But direct drive has a major drawback: carbon emissions. Natural gas might be cleaner than coal, but it’s still a fossil fuel. According to a recent report by Clean Energy Canada, building just three direct drive LNG plants could have the same climate impact as adding 3 million cars to B.C.’s roads. Powering the industry through direct drive would likely blow through B.C.’s self-determined emissions reduction targets – though if that happened, the province could meet its goals through purchasing carbon offsets or simply setting new targets. (Neat trick, eh?)

To shrink its massive carbon footprint, the LNG industry could pursue an alternative technology: electric drive, or e-drive, which would allow plants to run their compressors through harnessed renewables like wind and run-of-river hydro. Clean Energy Canada’s reports suggest that operating B.C.’s LNG industry on renewable-powered e-drive would cut carbon pollution by a third (and create 400 jobs to boot). “B.C. has an abundance of renewable energy and a population that wants us to be climate leaders,” says Merran Smith, the group’s director.

E-drive sounds great in theory, but it’s virtually without precedent. The only electric drive plant in the world is Statoil’s Snøvit plant in Norway. Although Clean Energy Canada claims that e-drive would raise the selling price of LNG by just 2 percent, companies still say that powering their operations with renewables would be too expensive and unreliable. British Columbia’s balancing act – trying to attract LNG companies while claiming that its liquefied gas industry will be the world’s cleanest – has forced the government to resort to legal sleight-of-hand. In 2012, it amended its own Clean Energy Act to reclassify natural gas as a clean fuel source when it’s used to operate LNG plants – a move that one environmental lawyer called “putting lipstick on a pig.”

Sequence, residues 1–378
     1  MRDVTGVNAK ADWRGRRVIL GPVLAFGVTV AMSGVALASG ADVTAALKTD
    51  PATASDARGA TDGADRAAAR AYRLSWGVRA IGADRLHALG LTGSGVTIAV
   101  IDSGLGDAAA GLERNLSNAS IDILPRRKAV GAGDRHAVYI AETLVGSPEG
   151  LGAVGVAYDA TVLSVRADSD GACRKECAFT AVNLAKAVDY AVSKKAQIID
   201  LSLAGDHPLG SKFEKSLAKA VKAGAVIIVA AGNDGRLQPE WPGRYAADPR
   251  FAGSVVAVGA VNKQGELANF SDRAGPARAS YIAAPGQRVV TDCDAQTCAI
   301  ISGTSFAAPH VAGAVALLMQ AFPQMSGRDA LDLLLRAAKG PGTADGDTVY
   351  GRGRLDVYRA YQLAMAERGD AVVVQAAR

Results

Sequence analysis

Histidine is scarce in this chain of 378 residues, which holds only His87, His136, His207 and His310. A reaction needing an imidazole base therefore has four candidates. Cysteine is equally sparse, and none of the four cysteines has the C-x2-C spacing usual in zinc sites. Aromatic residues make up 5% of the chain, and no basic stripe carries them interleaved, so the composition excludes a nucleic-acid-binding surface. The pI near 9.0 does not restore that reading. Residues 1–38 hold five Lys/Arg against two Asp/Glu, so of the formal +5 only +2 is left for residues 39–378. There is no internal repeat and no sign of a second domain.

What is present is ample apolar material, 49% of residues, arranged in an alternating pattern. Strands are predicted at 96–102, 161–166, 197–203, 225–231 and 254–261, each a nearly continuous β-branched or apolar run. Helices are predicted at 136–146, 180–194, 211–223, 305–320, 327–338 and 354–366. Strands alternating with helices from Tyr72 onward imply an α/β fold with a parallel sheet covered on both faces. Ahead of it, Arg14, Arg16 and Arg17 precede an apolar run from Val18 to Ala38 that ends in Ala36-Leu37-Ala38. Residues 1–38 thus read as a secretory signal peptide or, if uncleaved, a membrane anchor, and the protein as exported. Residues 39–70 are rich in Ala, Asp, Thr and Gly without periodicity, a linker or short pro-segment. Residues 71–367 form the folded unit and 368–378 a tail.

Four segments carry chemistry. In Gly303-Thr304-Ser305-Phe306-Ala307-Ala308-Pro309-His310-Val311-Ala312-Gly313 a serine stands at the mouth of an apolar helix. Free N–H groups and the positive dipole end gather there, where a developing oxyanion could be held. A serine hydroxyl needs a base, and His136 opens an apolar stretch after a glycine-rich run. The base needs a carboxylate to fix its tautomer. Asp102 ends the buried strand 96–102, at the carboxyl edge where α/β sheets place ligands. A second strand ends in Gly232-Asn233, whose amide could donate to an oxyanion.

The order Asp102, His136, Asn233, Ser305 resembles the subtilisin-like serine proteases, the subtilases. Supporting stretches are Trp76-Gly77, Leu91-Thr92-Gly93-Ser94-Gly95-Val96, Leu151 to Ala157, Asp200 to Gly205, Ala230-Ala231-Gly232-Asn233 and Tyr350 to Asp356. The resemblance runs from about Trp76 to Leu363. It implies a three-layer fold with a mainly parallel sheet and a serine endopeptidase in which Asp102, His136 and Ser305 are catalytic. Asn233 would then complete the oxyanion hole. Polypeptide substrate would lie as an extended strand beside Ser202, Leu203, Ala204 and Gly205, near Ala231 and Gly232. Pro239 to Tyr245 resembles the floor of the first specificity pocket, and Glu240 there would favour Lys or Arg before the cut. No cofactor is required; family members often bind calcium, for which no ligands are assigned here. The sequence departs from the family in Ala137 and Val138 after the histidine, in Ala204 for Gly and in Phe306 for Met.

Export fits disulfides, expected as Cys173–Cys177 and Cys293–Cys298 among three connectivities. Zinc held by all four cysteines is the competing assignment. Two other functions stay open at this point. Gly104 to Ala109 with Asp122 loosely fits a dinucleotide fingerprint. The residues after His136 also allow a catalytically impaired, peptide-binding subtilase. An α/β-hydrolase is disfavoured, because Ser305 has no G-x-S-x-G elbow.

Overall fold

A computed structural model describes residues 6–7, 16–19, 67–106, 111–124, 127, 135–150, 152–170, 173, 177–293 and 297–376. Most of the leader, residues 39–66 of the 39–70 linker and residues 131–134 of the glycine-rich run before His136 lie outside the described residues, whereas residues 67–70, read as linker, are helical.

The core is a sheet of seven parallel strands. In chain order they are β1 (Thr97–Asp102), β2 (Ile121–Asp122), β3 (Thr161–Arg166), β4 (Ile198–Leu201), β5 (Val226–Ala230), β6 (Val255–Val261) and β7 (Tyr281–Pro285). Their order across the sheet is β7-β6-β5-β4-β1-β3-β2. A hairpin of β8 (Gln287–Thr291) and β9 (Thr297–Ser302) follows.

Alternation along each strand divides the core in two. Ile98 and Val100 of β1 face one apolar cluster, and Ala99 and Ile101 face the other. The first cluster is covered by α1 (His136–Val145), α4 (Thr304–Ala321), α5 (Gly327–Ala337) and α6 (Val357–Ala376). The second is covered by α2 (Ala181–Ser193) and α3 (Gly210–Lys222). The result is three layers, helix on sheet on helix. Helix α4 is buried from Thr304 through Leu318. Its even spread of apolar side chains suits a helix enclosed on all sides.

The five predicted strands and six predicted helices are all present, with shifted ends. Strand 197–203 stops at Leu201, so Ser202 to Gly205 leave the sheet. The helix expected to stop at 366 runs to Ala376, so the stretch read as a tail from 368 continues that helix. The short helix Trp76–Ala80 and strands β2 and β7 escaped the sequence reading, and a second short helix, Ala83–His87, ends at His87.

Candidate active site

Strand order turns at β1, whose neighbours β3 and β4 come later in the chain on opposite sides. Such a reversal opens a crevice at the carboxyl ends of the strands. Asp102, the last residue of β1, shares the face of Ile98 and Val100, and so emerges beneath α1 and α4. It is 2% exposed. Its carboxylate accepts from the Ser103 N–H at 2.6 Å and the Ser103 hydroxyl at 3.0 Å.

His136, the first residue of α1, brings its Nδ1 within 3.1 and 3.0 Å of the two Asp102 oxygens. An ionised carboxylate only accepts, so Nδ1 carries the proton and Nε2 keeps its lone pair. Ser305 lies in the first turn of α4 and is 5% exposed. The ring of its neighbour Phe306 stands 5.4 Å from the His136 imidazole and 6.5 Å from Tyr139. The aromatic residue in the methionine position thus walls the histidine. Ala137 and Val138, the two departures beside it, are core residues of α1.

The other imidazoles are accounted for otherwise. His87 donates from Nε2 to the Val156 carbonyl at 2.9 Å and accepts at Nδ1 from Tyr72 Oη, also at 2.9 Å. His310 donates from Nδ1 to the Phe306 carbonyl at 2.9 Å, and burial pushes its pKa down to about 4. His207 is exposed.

Still, mandating e-drive comes with perils of its own. While electric LNG plants would ideally harness energy directly from wind and run-of-river projects, they could also hook up to B.C.’s grid already strained by projected population growth and a province-wide mining rush. To help meet LNG’s power demands, Clark has repeatedly called on B.C. Hydro, the province’s largest utility, to construct a massive hydroelectric installation that would flood wildlife habitat and prime farmland in the Peace Valley. If the choice is between carbon-polluting direct drive on one hand and a giant dam on the other, B.C. could find itself wedged between a climate rock and an ecological hard place.

Proposed LNG plants in the U.S. are resolving their own energy dilemmas in different ways. Oregon LNG, a proposed terminal at the mouth of the Columbia, would hook up to the grid to take advantage of abundant hydro and wind power. Meanwhile, the Jordan Cove Energy Project in Oregon’s Coos Bay plans to build its own natural gas-fired power plant. And construction on an electric-drive plant in Texas is scheduled to begin this year.

In B.C., the falling price of wind and other renewables, combined with B.C.’s rigorous carbon tax, could be enough to push the industry in the right direction. “Since the fall, we’ve seen movement from companies saying they’re only going to use gas-fired direct drive to saying they’re going to power about 20 percent of their load with renewables,” says Smith. “That said, we really need government to take leadership here and create the right conditions for renewable energy.”

Ben Goldfarb is an editorial intern at High Country News. He tweets @bengoldfarb13.